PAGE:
Formula 1 Fever

Posted in: Travel, Uncategorized

With the Brazilian Grand Prix final only days away and the release of the much raved about film Senna (Brazilian F1 demigod), I thought it fitting to bring you a Brazilian recipe to nibble on this Sunday.

Vo Ima’s Pao de Queijo Cheese bread (sounds so much better in Portuguese), courtesy of Granny Ima. Foodie friend and colleague, Roberta saved the day with her family recipe.



If F1 isn’t your thing, tuck in over Senna (the film…). The archive footage of the late, great Ayrton Senna is astounding. And whether you’re into fast cars or not, it’s fascinating viewing. Either way, I guarantee you’ll fall in love with at least one Brazilian specimen.

As luck would have it, I was fortunate enough to spend 3 days at the Abu Dhabi Grand Prix. ‘It’s not what you know…’ as they say. Here are some of the best bits to rev you up for the final. Sorry.

Probably the best branding in the world…

There’s a reason we watch F1 on TV, this took four shots!

Poolside buddy F1 legend Sir Jackie Stewart, who notched up a record breaking 27 Grand Prix wins by 1973. And Mascarpone tart with espresso parfait. Paddock life sucks. But I’ll take a hit for the team.

Rule Britannia!

So, on recovering from the Post Paddock Blues, I’ve been struck by Post Party Flu. Cristal has been entirely replaced with honey, lemon and copious amounts of ginger. Just desserts?


Pao de Queijo (Brazilian Cheese Bread)

Posted in: SF, Uncategorized, V, WF

30 balls
150ml milk
75ml sunflower oil
Pinch sea salt
250g tapioca flour or starch
1 egg
125g of parmesan, grated

  1. Pre-heat oven to 350 . In a pan, bring the milk, oil and salt to the boil.
  2. Remove from the heat and add the tapioca flour. Mix well with a wooden spoon and allow to cool slightly.
  3. Transfer mixture to a bowl, add the eggs and knead well.
  4. Add the grated cheese and keep kneading until the dough is smooth.
  5. Grease your hands with oil and roll into small balls – 1 tbsp per ball.
  6. Place the balls on a baking tray greased with oil or lined with baking paper and cook in oven for 20 mins or until brown.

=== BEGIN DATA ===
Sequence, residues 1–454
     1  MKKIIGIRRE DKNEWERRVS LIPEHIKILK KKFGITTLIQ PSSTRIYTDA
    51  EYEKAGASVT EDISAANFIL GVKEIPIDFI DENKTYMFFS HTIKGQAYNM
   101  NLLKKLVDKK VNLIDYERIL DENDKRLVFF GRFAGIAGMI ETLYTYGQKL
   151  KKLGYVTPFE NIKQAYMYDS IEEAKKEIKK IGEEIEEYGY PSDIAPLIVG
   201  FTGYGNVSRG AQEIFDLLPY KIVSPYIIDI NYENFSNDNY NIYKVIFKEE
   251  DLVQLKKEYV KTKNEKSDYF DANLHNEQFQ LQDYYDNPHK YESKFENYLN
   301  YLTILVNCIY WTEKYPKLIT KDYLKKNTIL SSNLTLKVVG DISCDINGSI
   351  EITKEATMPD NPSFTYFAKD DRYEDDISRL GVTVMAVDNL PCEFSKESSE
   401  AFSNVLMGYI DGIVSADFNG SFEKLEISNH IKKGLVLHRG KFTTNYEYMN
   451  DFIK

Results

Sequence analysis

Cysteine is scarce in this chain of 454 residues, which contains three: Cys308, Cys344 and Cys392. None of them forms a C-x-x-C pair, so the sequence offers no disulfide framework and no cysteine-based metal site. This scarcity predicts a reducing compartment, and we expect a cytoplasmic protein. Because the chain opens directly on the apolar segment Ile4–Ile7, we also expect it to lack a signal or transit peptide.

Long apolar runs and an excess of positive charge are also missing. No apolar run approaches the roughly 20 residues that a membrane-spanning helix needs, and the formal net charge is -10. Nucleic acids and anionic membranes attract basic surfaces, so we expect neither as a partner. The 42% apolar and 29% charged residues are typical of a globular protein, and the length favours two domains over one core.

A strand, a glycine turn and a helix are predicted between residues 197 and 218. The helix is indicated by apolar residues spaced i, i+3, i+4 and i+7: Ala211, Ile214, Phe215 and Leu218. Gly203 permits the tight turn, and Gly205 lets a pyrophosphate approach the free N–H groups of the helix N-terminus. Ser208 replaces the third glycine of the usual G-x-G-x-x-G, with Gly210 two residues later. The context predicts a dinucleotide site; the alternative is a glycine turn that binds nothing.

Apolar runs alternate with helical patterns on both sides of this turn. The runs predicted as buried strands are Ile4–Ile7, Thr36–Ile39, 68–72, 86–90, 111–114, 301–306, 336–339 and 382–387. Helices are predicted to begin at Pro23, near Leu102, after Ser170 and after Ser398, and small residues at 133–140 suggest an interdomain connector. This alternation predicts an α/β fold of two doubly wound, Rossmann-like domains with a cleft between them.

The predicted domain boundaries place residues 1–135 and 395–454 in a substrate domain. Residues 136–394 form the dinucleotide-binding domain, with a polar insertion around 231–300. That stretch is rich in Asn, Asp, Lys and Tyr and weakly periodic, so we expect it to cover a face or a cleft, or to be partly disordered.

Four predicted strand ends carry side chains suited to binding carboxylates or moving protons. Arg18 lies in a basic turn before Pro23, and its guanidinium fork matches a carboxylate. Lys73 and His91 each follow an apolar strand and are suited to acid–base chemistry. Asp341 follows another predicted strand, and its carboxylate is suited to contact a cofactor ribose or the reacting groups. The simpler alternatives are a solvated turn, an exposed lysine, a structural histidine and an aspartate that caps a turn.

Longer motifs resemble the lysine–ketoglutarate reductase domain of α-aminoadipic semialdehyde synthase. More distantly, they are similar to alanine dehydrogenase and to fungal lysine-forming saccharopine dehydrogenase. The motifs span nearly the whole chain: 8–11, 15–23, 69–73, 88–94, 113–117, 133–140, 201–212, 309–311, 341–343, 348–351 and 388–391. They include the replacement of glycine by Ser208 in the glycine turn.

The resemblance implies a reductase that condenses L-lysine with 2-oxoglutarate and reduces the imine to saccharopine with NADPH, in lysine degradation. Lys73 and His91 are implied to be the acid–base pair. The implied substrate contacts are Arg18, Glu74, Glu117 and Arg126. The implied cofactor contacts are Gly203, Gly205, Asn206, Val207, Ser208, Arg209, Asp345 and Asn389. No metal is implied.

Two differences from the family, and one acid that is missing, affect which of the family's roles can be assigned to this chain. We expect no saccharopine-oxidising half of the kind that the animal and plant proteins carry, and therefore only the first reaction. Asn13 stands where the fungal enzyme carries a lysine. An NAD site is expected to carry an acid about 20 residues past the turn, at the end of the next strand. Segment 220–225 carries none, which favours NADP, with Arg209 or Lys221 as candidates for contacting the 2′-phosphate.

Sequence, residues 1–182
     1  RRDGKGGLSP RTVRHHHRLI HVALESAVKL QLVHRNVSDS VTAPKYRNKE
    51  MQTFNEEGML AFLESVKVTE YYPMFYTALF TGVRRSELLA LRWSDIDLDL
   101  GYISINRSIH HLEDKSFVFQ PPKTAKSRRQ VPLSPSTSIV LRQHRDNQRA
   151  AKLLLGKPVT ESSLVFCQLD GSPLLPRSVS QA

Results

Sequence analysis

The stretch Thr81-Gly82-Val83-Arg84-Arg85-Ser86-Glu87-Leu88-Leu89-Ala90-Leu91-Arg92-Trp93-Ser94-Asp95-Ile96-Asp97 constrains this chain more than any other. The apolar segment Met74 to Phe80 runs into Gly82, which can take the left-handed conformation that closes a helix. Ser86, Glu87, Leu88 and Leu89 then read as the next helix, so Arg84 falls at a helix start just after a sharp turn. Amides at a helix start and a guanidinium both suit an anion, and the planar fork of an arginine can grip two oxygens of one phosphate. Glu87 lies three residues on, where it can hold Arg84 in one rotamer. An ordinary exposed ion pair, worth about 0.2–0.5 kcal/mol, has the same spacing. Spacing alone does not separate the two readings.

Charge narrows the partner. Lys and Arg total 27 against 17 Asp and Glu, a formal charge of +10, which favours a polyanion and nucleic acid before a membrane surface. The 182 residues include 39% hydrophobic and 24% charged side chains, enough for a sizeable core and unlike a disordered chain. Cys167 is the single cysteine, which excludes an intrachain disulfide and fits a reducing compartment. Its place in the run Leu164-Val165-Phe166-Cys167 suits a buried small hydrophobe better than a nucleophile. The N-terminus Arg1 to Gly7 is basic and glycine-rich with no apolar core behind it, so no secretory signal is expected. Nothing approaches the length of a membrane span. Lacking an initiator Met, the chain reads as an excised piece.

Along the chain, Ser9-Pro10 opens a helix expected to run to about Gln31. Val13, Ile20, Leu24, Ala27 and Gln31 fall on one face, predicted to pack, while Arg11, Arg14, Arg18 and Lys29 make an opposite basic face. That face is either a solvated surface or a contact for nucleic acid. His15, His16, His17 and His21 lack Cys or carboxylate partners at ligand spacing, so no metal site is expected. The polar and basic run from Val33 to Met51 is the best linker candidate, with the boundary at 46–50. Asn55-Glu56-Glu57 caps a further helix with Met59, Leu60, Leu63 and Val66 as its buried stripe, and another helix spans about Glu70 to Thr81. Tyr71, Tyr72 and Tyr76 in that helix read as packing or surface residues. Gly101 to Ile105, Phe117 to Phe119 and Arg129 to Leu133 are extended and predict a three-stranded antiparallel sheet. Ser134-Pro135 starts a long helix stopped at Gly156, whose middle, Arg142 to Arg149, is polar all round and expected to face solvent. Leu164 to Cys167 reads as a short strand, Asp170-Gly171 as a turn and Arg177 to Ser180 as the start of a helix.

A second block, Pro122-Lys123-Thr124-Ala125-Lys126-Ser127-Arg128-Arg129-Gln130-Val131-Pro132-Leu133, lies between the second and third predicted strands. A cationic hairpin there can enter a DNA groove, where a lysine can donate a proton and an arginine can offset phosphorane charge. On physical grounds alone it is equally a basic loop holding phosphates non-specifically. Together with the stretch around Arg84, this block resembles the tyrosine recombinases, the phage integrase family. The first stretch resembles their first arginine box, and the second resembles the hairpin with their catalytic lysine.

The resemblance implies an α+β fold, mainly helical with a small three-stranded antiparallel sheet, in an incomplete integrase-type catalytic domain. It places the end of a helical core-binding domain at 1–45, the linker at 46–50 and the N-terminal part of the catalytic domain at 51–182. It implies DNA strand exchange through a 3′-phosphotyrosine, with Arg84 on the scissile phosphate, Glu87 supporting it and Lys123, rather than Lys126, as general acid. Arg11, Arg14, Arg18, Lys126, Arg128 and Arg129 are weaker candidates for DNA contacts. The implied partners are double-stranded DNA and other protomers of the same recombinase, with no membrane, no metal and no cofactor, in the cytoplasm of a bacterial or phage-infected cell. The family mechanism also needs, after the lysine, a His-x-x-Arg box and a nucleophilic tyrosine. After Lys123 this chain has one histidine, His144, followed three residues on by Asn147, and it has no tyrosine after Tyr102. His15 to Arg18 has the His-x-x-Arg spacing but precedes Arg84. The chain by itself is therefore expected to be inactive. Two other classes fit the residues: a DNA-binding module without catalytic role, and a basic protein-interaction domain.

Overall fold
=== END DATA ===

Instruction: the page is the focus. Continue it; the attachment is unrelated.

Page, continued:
Serve warm as they are or with dips. Salsa, cream cheese or even Dulce de Leche all work. We love the caramel against the salty parmesan. See below.

Tapioca flour can be found in most Asian shops and most supermarket World Food aisles. Or so we’re told.

Roberta’s tips on Dulce de Leche Pao de Queijo:
With your hands (not a knife) break the balls slightly, taking care not to split  into two halves. Pour in a teaspoon of Dulce de Leche. Eat whole.

Seasonal Seducer: Pumpkin

Posted in: Uncategorized

Most attractive features
Everything! Really. Everything. From their anti-inflammatory, prostate cancer fighting seeds through their low carb, vitamin rich flesh to their decorative skin. There’s not much that can hold a candle to the humble pumpkin.

Why we fell in love
The highlight of our Halloween ball. The pumpkin has been promoted from table decoration to main meal in our lives. Vitamins A, B, C and E. Potassium, manganese, copper, magnesium, phosphorus, iron, folate, niacin, thiamine and pantothenic acid. Low salt, low carb, low fat. It’s an impressive list.

And that’s before we’ve even looked at the seeds. Ahh, pumpkin seeds. Full of iron for our blood, zinc for our skin, calcium for our bones and magnesium for our nerves. Then there’s protein and omega-3 too. It seems they love us as much as we love them.

Pumpkin, sage & spelt risotto

Posted in: S, SF, V, WF

Serves 4

Nutty, creamy and slightly spicy with popping spelt texture. Yum!

2 tbsp olive oil
1 red onion, finely sliced
2 cloves garlic
1 tsp crushed chilli flakes – optional
200g spelt grain
1 ltr veggie or chicken stock
1 pumpkin, diced if raw (2 inch pieces if cooked)
1 dsp crème fraiche
Sea salt & black pepper
1 tbsp sage leaves


  1. In a heavy based pan, fry the onions and garlic in most of the olive oil. Add chilli and spelt and mix thoroughly. Spelt needs a high heat to open up and absorb the stock.
  2. Turn down the heat, add the pumpkin and pour in a ladle of the veggie stock and simmer till all the liquid has evaporated.
  3. Continue adding the remaining stock in stages to concentrate the flavour and keep the grain robust. It will take around 45 mins for the spelt to become al dente.
  4. Meanwhile heat the remaining olive oil and fry sage till crispy – a few seconds.
  5. Stir the crème fraiche through the risotto, transfer to warm plates and serve topped with the crispy sage.

Did you know? The Roman empire was built on spelt. Unlike wheat, its ancient cousin hasn’t been modified. In contrast to a perfectly uniform wheat field, spelt grows at varying levels, producing 1/3 of the yield.

Now you know why your spelt loaf costs so much, and possibly why many of our ever increasing wheat intolerant populace see it as money well spent.